After about an hour, we stopped at some deserted train station where we all got off, and then took the original train to the airport. Before jumping on the train I just wanted to double check that I had everything with me, but there was something missing... MY WALLET! DAAAANG!

0.2
 

It is quite rare to analyze a malicious file written in the form of a cross-platform browser plugin. It is, however, even rarer to come across plugins created using cross-browser engines. In this post, we will look into a Facebook worm that was written using the Crossrider system – a system still in beta testing.



Image source: http://crossrider.com

Opinions|We Need More Than Jelly Bean

Tim
Kaspersky Lab Expert
Posted May 18, 17:03  GMT
Tags: Google
0.2
 

Google is set to launch Android 5.0, aka Jelly Bean, this fall. But do we even need it? While Google has made some steps in securing its Play branded marketplace, and offered a few security updates to the operating system, it is a fact that the most targeted Android platform is still 2.x. Why is that? There are several reasons, not the least of which is a lack of security patches provided to previously deployed operating system versions.

0.2
 

    Carolina Dieckmann, a famous Brazilian actress, recently became the victim of cyber attacks that allowed cybercriminals to steal personal property - nude pictures of her- from her computer. Many pictures or maybe all of them got leaked to the Internet. This incident has served as a good incentive for the Brazilian government to have new cybercrime laws in the country (the current law to fight cybercrime in Brazil was approved back in the 40’s of XX century). As a result of this incident, a new cybercrime law that carries a punishment of up to 2 years in prison for such crimes has finally been proposed for consideration. This is a good and right move! A press article in Portuguese can be

Incidents|Public points of data loss

Dmitry Bestuzhev
Kaspersky Lab Expert
Posted May 14, 11:18  GMT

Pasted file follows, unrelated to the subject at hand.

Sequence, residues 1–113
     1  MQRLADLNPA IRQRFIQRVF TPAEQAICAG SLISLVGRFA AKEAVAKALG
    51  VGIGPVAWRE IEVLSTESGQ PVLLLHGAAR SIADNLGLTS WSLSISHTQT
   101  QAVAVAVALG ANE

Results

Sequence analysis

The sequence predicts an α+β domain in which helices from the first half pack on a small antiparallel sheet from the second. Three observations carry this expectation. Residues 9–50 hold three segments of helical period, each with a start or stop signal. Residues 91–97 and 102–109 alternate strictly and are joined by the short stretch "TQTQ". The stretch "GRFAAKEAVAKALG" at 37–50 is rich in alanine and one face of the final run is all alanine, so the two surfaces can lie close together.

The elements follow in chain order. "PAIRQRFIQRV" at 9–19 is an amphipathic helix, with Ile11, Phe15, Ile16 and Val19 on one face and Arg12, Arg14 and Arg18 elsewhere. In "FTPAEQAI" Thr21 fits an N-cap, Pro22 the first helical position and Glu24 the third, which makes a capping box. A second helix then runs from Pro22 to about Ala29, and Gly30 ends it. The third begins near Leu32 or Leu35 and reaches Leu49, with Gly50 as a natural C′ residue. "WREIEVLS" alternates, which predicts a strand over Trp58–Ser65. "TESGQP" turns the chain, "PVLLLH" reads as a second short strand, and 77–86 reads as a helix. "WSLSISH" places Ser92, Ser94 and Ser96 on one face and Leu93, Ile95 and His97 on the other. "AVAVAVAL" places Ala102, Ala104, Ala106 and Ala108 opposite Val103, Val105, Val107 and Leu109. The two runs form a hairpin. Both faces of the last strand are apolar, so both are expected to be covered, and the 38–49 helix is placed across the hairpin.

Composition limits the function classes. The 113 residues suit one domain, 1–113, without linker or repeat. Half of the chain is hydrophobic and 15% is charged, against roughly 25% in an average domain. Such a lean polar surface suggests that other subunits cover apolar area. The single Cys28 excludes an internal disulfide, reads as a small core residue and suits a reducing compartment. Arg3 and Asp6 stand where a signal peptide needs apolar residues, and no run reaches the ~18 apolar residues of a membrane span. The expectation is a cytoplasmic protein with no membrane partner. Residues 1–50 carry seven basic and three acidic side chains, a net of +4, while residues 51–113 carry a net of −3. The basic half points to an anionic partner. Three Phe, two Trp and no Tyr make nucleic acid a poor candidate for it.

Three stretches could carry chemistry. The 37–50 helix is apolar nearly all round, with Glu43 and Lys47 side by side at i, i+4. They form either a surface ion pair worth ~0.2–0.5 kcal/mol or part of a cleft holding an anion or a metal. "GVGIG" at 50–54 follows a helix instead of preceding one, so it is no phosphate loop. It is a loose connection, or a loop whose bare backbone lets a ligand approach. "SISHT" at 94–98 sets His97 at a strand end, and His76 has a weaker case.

Tags: Data leaks
0.1
 

    “Forgetting” or “underestimating” are the main reasons for data loss around the world. In an airport lounge during my last trip I came across  some cool tab devices running on Android integrated with an external keyboard available for public use and connected to the Internet.

As in the past I performed a quick check of downloaded files, most visited sites and browser history and found a huge list of sensitive information. Here are some examples:

  • Access via OWA to a corporate email of a Latin American bank.
  • Medical files from Spanish hospitals.
  • Commercial offers with personal banking information of a service provider.
  • Personal traveller information with full names, IDs, frequent flyer number and the destination of the flight.
  • Audit control released by a Latin American government to local companies.
I didn’t check if the browser function “save passwords” was enabled. Just imagine if it was! I also didn’t check the saved cookies. Anyway enough sensitive information was already exposed out there.

Lots of people are not very good at safeguarding their personal information on standard PCs; they are even worse when it comes to tab computers. More often than not, they just don’t know where a file was downloaded on a tab, and they have no idea how to delete it afterwards.

I wonder how much sensitive information is already exposed in this way at airports around the globe! Without any doubt it’s a huge advantage for cybercriminals who know how to use social engineering and a big pain for security officers of the companies who have to train employees. Another important point is when people fly on business – they are usually managers, so any leaked information can compromise not only their personal identity but also a company’s secrets.
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Events|Is ‘SexyDefense’ The Future of Anti-Espionage?

Roel
Kaspersky Lab Expert
Posted May 01, 18:39  GMT
0.2
 

At the recent SOURCE Boston conference, one presentation that caught my attention was called SexyDefense - Maximizing the home-field advantage.

This was quite a thought-provoking presentation that was based on the old concept that offense is always the best defense.